December 06 2017
California recently passed two bills with significant implications for pharmaceutical manufacturers: one imposing prescription drug price transparency requirements and another prohibiting certain types of co-pay coupon and other prescription drug discounting programmes that lower patient cost-sharing amounts for prescription drugs. This update describes key aspects of each bill and provides the dates that these new laws will take effect.
Prescription Drug Price Transparency Law
Senate Bill 17 (SB-17) requires prescription drug manufacturers to notify the State of California and certain prescription drug purchasers if the price of a drug with a wholesale cost of more than $40 increases by more than 16%, including the proposed increase and the cumulative increases from the past two calendar years (a reportable price increase). The reporting obligations will apply to most prescription drug manufacturers selling in the United States, as the law applies to those companies whose drugs are purchased or reimbursed by any health insurer licensed to sell insurance in California, as well as pharmacy benefit managers, among others (referred to here as 'purchasers').
Under the law, prescription drug manufacturers must now report:
Reporting reportable price increases to purchasers
Prescription drug manufacturers with a reportable price increase must provide purchasers with a 60-day advance written notice of the date of the increase and inform them of whether the increase is necessitated by a change or improvement in the drug, among other information. This requirement takes effect on January 1 2018.
Reporting reportable price increases to OSHPD
At a time determined by the OSHPD, and starting no earlier than the first calendar quarter of 2019, prescription drug manufacturers will also be required to notify OSHPD of reportable price increases. Prescription drug manufacturers that had a reportable price increase in the previous two calendar years will need to provide OSHPD with various information on a quarterly basis, including:
OSHPD intends to publish this information on a website in early 2019. Manufacturers can limit the information provided to OSHPD to publicly available information or that which is in the public domain. The law specifies that violations are punishable by a civil penalty equal to $1,000 per day for every day that the notice is delayed beyond the specified reporting period.
Reporting information on certain new drugs to OSHPD
Prescription drug manufacturers that introduce a new prescription drug to market at a wholesale cost that exceeds the threshold set for a specialty drug under the Medicare Part D programme(1) must notify OSHPD within three days of the release of the drug in the commercial market. Within 30 days of the notice to OSHPD, the manufacturer must also provide certain information to OSHPD, including:
This requirement takes effect on January 1 2019. OSHPD also intends to publish this information on a website in early 2019. Again, manufacturers can limit the information provided to OSHPD to publicly available information or that which is in the public domain. The law specifies that violations are punishable by a civil penalty equal to $1,000 per day for every day that the notice is delayed beyond the specified reporting period.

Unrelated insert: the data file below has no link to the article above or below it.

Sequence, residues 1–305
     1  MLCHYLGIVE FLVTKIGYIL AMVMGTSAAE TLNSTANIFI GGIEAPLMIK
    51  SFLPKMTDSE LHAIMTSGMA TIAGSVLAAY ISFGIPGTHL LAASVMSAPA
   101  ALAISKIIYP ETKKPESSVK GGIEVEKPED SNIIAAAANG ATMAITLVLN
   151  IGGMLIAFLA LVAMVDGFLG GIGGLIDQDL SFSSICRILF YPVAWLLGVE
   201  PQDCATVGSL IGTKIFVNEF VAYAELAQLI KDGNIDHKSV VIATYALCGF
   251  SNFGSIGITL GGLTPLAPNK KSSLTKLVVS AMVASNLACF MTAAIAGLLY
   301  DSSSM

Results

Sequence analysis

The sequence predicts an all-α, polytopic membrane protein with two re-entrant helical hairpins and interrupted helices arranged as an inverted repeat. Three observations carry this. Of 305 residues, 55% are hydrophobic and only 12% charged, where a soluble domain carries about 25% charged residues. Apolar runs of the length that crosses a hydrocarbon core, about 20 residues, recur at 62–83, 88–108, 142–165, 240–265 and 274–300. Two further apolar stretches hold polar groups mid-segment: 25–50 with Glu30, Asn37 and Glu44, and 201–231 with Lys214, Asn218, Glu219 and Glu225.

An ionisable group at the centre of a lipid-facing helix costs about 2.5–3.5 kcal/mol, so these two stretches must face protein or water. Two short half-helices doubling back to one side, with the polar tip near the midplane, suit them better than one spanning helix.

Co-pay coupon ban
Assembly Bill 265 (AB-265) contains two provisions that prohibit prescription drug manufacturers from offering programmes that reduce the out-of-pocket expenses associated with an individual's health coverage, such as a co-payment, coinsurance or deductible (insurance out-of-pocket expenses).
First, Section 132000 prohibits prescription drug manufacturers from offering discounts, repayments, product vouchers or other reductions in the individual's out-of-pocket expenses if an individual's health coverage covers a lower cost generic drug that is therapeutically equivalent to the prescription drug. This prohibition applies to discount programmes for prescription drugs that have been nationally available for three months.
Second, Section 132002 prohibits prescription drug manufacturers from offering discounts to reduce insurance out-of-pocket expenses if the active ingredients in the prescription drug are contained in a lower cost non-prescription drug regulated by the FDA that is not otherwise contraindicated for the treatment of the condition for which the prescription drug is approved.
Limited exceptions apply, the most broadly relevant of which are:
AB-265 takes effect on January 1 2018.
These sweeping developments in California law will affect compliance and trade practices of pharmaceutical manufacturers throughout the United States. As pharmaceutical manufacturers begin to consider their impact, key questions include:
With deadlines fast approaching, affected prescription drug manufacturers will need to move quickly to ensure that appropriate compliance measures are in place.
For further information on this topic, please contact William Sarraille at Sidley Austin's Washington DC office by telephone (+1 202 736 8000) or email (email@example.com). Alternatively, contact Meenakshi Datta or Trevor L Wear at Sidley Austin's Chicago office by telephone (+1 312 853 7000) or email (firstname.lastname@example.org or email@example.com). The Sidley Austin website can be accessed at www.sidley.com.
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